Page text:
The legacy media swooned over House Speaker Nancy Pelosi, D-Calif., who announced she will be stepping down from her leadership role.
"This is like watching, you know, a great performer on the stage or a great athlete making a big decision about the next chapter," CNN's John King said ahead of her announcement.
"It will be difficult to overstate the impact that Nancy Pelosi has left on our country and our politics," MSNBC host Nicolle Wallace told viewers.
Former GOP lawmaker and "Morning Joe" co-host Joe Scarborough tweeted, "It was an honor working with @SpeakerPelosi in Congress. Even when we disagreed, I held her in the highest regard. I could have never imagined then the heroic efforts she would undertake in the coming years defending democracy against Trump Republicans. Thank God for Nancy."
New York Times editorial board member Michelle Cottle wrote, "History, being reductive, will remember Ms. Pelosi as the first woman to rise to the exalted post of speaker, just two steps away from the presidency. Those who have watched her work in the House for so many years will remember her as something arguably just as notable: a total badass."
"By that term, I don’t mean that Ms. Pelosi is some swaggering, performative tough guy. Quite the opposite," Cottle told readers. "In her two decades atop the House Democratic caucus, whether in the majority or the minority, she has been a strikingly effective leader in part because she doesn’t much give a flip about her public image. What matters to her is getting stuff done — be it passing legislation, thwarting the opposition’s agenda or protecting her members come election time. She is brutally pragmatic… and has a shrewd sense of the political pressure points of allies and opponents alike. She doesn’t hog the credit for her clever ideas, nor does she waste time publicly rationalizing or blaming others for her bad ones. No one outworks her, and aides and allies have happily cultivated the legend of her endless energy."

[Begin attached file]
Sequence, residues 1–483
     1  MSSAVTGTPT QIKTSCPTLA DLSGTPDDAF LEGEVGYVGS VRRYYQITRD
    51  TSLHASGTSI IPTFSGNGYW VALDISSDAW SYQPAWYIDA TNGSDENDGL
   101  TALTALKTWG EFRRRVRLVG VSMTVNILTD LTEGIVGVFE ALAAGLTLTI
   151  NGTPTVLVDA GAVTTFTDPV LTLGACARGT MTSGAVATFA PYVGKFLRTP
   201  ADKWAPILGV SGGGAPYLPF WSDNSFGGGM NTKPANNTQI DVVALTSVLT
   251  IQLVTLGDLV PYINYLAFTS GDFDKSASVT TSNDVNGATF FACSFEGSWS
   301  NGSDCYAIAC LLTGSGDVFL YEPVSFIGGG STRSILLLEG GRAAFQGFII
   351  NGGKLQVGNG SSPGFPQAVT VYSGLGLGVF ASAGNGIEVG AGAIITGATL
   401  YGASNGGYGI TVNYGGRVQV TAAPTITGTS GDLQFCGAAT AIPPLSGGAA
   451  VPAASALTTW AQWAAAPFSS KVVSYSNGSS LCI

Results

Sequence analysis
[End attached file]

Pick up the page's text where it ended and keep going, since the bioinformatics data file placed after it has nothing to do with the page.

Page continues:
The Washington Post reported, "Her decision to not seek reelection as the top Democrat in Congress’s lower chamber marks the culmination of a political career widely seen as setting the standard for wielding political power. Historians largely agree that Pelosi redefined the speakership, and she made history climbing the ranks of Democratic leadership, becoming the first woman to be second in line to the presidency — twice."
The Post's editorial board said Pelosi "conquered the male-dominated world of politics," writing "Doing the hard work of government — often behind the scenes — has defined Ms. Pelosi’s 35 years in Congress, propelling her to become the first female speaker of the House and one of the most consequential House leaders in the country’s history."
CBS News correspondent Scott MacFarlance called Pelosi and "outsized political force for a generation."
NPR hailed Pelosi for shattering the "marble ceiling" as the first female speaker and saying she "will be a tough act to follow."
Bloomberg ran the headline, "Nancy Pelosi’s Groundbreaking Tenure Opened Up Doors for Women."
Pelosi's announcement came just one day after Republicans officially clinched its 218-seat majority in the House of Representatives with a few races outstanding that could bolster the GOP's slim control.